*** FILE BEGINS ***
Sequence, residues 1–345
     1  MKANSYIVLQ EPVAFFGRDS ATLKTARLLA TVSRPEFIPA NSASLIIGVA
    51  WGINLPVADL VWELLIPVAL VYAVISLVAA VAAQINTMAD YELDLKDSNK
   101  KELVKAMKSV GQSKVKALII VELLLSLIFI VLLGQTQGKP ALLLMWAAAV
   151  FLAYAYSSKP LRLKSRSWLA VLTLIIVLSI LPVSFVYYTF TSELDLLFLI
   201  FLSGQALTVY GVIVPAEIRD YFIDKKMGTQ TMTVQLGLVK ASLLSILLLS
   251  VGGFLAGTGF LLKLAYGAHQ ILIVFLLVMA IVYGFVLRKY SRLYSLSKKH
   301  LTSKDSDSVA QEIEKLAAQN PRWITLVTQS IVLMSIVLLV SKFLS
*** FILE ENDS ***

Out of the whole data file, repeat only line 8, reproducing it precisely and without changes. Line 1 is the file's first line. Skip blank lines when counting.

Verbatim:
   301  LTSKDSDSVA QEIEKLAAQN PRWITLVTQS IVLMSIVLLV SKFLS